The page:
Ireland, with a history of low participation rates in pre-school education and care, is one of the countries which, during the nineties have prepared policy documents, initiated legislation or declared an intention to expand and improve provision for early childhood education and care. A representative national forum was held in 1998 and, drawing on the experience of other countries with advanced systems and reviewing its own requirements, it recommended a comprehensive, co-ordinated, inclusive system through a partnership between public and private authorities. The potential for learning of very young children, the economic and social benefits of investment, the forestalling of later learning problems, the opportunity to advance parent education, and the need for a good quality of child care when both parents are working were the main arguments advanced for the new initiative. The case made by the Forum and by other bodies has been accepted by the Irish government which is now 'committed to developing a national policy framework for early childhood education and to the provision of a specific budget for pre-school education' (Education for All, Ireland, 1999 ) and is preparing a White Paper. While the approach is comprehensive, it is characteristic of current climates of opinion that there is to be a particular focus on two target groups: socio-economic disadvantage and special education needs. This approach combines the idea of a right with that of targeting.

It must be noted, in interpreting statistics and reports on early childhood education and care, that there is great variety in types of pre-school provision. In the UK, for example, these include publicly maintained nursery schools and nursery classes which are integral parts of primary schools, mostly part-time and taking children aged three and four; reception classes in primary schools, mostly full-time, to which children are admitted before the age of five; day nurseries both public and private (often run as a business) which look after the under fives for the length of the adult working day; playgroups for children between two and a half and five and mostly run on a self-help basis by parents and community groups; and childminders, who look after the under fives (and also older children) outside school hours in domestic premises (Sylva and Moss, 1993). Similar diversity is noted in EFA national reports from the Netherlands and Portugal.

Data sources on countries with this variety of provision are often insufficient for firm conclusions to be drawn about participation and quality of provision. Often, too, the regulatory framework is variable, with responsibility divided among a number of different private agencies, groups and individuals and several public authorities (health, social affairs, employment, education). Some countries have consolidated services for all children (e.g. Finland, Ministry of Social Welfare; Spain and Sweden, Ministry of Education). Others have well developed procedures for co-ordination of public-private partnerships (e.g. Denmark and the Netherlands). Overall, however, the field of early childhood education and care is quite variable in both quantity and quality of provision. Realisation of this is resulting in policy interest in policy frameworks, finance, partnerships, educational content and in evaluations of what is actually available.

Several major policy issues have emerged from the moves to extend and diversify provision of early childhood education and care, seek new avenues for funding and ensure a fair distribution of opportunities for access to services and to benefit from them. They include:

1. Inclusiveness which in several countries means how best to raise participation to near universal levels;

2. Equitable access and participation to overcome socio-economic disadvantage and equalise cultural development opportunities, in face of the tendency for educational practice to reproduce poverty rather than counterbalance it;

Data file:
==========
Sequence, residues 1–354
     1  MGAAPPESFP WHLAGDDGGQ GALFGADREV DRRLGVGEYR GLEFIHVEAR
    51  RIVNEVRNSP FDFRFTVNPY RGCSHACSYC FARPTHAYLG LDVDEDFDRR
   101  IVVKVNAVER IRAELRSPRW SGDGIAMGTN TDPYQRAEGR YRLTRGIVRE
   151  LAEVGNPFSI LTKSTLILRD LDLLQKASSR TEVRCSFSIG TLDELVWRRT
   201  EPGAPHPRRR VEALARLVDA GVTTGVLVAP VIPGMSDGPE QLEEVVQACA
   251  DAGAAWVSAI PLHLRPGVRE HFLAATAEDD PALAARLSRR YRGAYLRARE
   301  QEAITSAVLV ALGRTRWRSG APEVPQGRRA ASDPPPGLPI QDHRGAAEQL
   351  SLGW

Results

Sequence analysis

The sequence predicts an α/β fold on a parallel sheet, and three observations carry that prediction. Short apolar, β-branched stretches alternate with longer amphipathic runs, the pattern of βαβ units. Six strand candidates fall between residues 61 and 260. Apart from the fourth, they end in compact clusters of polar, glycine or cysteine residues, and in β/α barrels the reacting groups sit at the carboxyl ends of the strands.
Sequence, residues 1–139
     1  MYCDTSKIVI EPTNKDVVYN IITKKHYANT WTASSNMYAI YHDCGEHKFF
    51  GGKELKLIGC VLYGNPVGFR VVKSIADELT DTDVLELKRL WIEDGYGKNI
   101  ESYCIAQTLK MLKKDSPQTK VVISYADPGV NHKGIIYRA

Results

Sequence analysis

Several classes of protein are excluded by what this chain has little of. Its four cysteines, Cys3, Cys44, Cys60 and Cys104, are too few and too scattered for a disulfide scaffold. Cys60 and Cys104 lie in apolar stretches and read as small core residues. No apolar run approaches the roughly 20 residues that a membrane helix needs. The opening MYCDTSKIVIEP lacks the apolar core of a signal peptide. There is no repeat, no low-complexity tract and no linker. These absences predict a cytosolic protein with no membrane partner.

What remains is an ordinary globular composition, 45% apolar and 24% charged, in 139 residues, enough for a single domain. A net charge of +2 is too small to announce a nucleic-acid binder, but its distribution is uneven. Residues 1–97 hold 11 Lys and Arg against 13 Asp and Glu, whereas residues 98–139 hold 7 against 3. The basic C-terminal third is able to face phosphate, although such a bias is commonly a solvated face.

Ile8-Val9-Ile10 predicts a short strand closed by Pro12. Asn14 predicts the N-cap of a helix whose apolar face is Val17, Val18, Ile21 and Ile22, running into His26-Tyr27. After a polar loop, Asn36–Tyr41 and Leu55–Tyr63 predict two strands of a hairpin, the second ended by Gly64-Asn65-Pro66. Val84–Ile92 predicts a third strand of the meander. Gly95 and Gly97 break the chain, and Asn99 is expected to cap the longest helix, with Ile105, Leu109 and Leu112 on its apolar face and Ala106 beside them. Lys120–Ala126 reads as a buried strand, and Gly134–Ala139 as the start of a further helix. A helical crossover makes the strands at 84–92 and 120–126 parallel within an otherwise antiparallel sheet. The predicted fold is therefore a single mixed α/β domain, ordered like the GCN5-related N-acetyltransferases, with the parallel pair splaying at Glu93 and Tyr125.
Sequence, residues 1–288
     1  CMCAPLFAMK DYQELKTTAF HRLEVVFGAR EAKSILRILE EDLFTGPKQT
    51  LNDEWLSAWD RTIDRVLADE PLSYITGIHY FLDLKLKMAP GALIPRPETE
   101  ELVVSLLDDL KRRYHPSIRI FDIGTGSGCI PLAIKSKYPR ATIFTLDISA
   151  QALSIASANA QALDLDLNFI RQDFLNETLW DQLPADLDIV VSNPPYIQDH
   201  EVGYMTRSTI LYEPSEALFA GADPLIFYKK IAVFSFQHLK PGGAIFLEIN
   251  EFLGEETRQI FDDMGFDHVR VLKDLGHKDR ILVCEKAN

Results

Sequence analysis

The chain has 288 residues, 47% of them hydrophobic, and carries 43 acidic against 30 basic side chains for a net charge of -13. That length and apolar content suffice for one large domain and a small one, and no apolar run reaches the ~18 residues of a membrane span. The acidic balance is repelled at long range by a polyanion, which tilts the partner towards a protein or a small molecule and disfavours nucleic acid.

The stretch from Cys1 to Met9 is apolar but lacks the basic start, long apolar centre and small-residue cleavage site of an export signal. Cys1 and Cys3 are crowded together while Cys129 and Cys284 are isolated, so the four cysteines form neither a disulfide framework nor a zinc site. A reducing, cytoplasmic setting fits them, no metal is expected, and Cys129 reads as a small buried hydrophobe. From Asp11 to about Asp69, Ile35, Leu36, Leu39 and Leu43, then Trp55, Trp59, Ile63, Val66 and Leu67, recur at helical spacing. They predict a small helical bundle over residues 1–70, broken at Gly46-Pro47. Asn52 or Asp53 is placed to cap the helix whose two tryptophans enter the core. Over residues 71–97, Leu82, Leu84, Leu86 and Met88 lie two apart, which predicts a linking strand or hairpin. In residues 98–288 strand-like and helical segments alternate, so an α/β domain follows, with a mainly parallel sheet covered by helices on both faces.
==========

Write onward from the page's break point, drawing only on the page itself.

3. Attention to individuals and groups with special needs including immigrants and ethnic minorities, young childrensuffering multiple disadvantage and those with learning difficulties;

4. Partnerships in the definition of need, in provision and in meeting costs;

5. Quality of learning, with a growing interest in ways to ensure that all forms of early childhood care have discernible educational values and functions;

6. Policy coherence and co-ordination of services and provision, in face of the responsibilities which have historically been divided among different ministries and public authorities;

7. Knowledge base, including both improved statistics on forms of supply, access to and take up of provision, standards of educational performance and cost effectiveness, together with more research into conditions affecting early development and its benefits for subsequent learning in school.


  As noted above, OECD countries have long-established and well-functioning systems of universal basic education. The issue is not, as in some other parts of the world, ensuring an effective, functioning legal, economic and social basis for universal access and participation, or of providing an organised, efficient system of universal, continuous schooling, or even adequate levels of resourcing and equipping schools (although some critics would dispute this last point). Rather, it is how best to educate the whole age group, spending many years in school, to an acceptable standard across a broad array of subjects and activities, and to achieve such levels of interest and motivation as to ensure a continuing, lifelong commitment to learning.

Primary schooling was made free and attendance compulsory in many OECD countries in the latter part of the nineteenth century and, in the first third of the twentieth century it became the norm for all children to attend school full time with the age level gradually increasing, resulting in a greater differentiation between primary and lower secondary, then upper secondary schooling (Connell, 1980). It would appear that, by the beginning of the 1990s, the OECD region had achieved universal primary, secondary and initial vocational education. Valid as a generalisation, this masks numerous variations, distinctive features, difficulties and shortcomings which have now become the targets for present and future action. In short, basic supply problems having been overcome, it has become possible to concentrate policy initiatives and resources - beyond those needed to maintain an adequate base - on specific weak points in the teaching- learning process, special needs and key qualitative priorities.